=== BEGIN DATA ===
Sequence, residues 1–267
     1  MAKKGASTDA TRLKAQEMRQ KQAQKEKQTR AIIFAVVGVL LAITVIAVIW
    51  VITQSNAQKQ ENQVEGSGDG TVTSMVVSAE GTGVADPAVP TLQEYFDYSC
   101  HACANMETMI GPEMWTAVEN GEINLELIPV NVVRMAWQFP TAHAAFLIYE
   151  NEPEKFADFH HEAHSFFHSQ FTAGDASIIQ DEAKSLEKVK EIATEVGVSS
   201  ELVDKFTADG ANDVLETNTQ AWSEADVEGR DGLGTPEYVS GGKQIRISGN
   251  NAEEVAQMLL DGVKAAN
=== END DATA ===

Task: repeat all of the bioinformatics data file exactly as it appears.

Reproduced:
Sequence, residues 1–267
     1  MAKKGASTDA TRLKAQEMRQ KQAQKEKQTR AIIFAVVGVL LAITVIAVIW
    51  VITQSNAQKQ ENQVEGSGDG TVTSMVVSAE GTGVADPAVP TLQEYFDYSC
   101  HACANMETMI GPEMWTAVEN GEINLELIPV NVVRMAWQFP TAHAAFLIYE
   151  NEPEKFADFH HEAHSFFHSQ FTAGDASIIQ DEAKSLEKVK EIATEVGVSS
   201  ELVDKFTADG ANDVLETNTQ AWSEADVEGR DGLGTPEYVS GGKQIRISGN
   251  NAEEVAQMLL DGVKAAN